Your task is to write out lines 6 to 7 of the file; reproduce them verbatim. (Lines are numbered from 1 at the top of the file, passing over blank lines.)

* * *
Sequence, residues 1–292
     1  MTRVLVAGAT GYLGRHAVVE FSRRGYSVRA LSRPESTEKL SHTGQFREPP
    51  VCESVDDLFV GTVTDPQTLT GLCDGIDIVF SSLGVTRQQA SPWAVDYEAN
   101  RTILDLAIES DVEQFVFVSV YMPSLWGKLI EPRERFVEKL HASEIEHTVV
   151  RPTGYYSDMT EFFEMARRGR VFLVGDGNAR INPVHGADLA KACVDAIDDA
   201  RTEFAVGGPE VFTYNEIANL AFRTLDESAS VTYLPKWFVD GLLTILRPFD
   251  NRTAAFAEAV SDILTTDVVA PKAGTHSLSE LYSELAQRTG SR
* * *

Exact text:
   201  RTEFAVGGPE VFTYNEIANL AFRTLDESAS VTYLPKWFVD GLLTILRPFD
   251  NRTAAFAEAV SDILTTDVVA PKAGTHSLSE LYSELAQRTG SR